my father's ashes
My father is dead.
It seems like that needs to be said. And like that is too blunt a way to say it.
My father’s ashes are in the possession of an aging former beauty queen contestant.
This seems, knowing my father, somehow very fitting.
And at the same time very very wrong.
The aging former beauty queen contestant says her father owns a fishing boat and plans to take my father’s ashes out to sea.
That is definitely wrong.
My father would want his ashes dumped at a local race track.
I have read a lot of obituaries and last thoughts written by strangers about my father. And most of them are useless and not about the man at all. So. It falls to me. His estranged daughter. To say something actually real about my father.
My father’s name was John Quincy Adams. Named after his father. A man from Boston who told my grandmother no children and when she singlehandedly got pregnant walked out on her. It was not an easy name to wear. Explain. Justify. Or dismiss. As an adult he changed it out a lot. As a kid he got in a lot of fights. As a kid he also had such awful tonsillitis doctors looking at his X-rays asked if he had had tuberculosis.
He was a tall man and did not suffer fools lightly. He was often unkind. But generally fair. And very good at math. He apologized once in his life. To his daughter. He was handsome as hell as a young man. And never noticed that had faded in later age. Perhaps because he never exactly realized he had looks. My father thought for all of his life he was trading on charm and never got most people only put up with him initially because he was so damned good looking. And never understood the difference between charm and sarcasm.
His forebears include two presidents, many revolutionaries, a movie star, a train robber and song writer, twin vaudeville performers, a Scottish missionary and the founder of Richfield Oil. His great uncle is buried in the last crypt of the Hawaiin royal family. According to legend my father singlehandedly initiated the People’s Park riot.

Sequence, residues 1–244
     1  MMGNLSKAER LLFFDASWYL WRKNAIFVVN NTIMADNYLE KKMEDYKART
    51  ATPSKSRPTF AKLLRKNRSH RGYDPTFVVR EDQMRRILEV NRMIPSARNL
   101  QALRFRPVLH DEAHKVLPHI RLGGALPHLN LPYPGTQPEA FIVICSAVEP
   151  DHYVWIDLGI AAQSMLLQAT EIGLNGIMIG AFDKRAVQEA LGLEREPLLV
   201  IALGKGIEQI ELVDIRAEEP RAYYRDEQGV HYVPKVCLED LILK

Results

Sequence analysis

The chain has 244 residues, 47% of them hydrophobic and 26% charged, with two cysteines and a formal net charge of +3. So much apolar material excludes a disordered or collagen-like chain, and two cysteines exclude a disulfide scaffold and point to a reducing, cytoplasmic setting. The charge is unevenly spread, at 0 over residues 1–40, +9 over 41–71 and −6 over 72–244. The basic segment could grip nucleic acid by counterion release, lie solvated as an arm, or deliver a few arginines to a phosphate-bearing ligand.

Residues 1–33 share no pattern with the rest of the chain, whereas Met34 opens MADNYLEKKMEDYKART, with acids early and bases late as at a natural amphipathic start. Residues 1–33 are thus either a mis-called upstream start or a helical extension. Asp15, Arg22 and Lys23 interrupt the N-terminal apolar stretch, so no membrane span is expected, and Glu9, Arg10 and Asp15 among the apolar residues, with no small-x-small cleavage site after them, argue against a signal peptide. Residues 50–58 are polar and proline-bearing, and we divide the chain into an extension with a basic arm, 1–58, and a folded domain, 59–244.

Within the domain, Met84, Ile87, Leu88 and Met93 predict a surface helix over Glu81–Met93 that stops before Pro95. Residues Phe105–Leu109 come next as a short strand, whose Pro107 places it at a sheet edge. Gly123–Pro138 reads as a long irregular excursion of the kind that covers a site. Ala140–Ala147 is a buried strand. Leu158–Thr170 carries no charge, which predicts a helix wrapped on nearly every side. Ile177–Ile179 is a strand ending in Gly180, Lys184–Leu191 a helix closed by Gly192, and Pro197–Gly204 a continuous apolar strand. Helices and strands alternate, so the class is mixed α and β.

He hated children. He said they destroyed lives and potential. This is what he told me. He may have had other tacks with people who were not his children. He definitely had other tacks with women he pursued who had children.
He liked and generally drove small sports cars — whether or not he fit into them. [And he mostly did not he was 6′ 5″.]
His apartments were always horrific and contained many hard water stains. Fortunately he generally did not spend much time at home he spent the majority of his time at work. In bars. Or at the homes of beautiful women.
The one time he had a fancy home it was a house boat but he lost that to the Italian Mafia and chose never to live anywhere extremely elegant again. [As legend has it, he won that house boat in a bet. And lost it backing up a friend.]
He liked beer in green and brown bottles — and preferred green. His best friends were hard scarred men who laughed like they meant it, wore overly ornate loafers, carried concealed weapons without permits and talked about everything except war when they were full of drink. And one woman who despite her looks and breasts he treated like a man — which in my father’s terms means like an equal — and I have never exactly discerned why but it must have been something big and probably involved gunfire and emergency vehicles to garner that kind of respect on his part because in general he did not consider women equals.
He had a weakness for pretty women, especially stupid pretty women — and horses. And considered both equally intelligent but horses more trustworthy. He told the IRS he made his income writing. But brought most of his cash home from the track.
You could always tell when my father was really sick because that was the only time he did not show up at the track.
He did not tell jokes well. He did tell anecdotes well. And he had many. His favorite books were huge tomes written in Japanese and translated into English — and he found it hugely amusing discussing them with women, especially discussing them with unintelligent women.
He hated his mother, never knew his father, loved his grandmother, feared and loathed his wife[s], disdained his step-father and abandoned his daughter.
He was a horrible father. Which might have changed if he had had a son but he was cursed to be a man who distrusted women and then accidentally sired one. Aside, however, from being a misogynistic prick, he was a decent man. The world is probably shorter for the loss of him.
— John Quincy Adams died January 21, 2009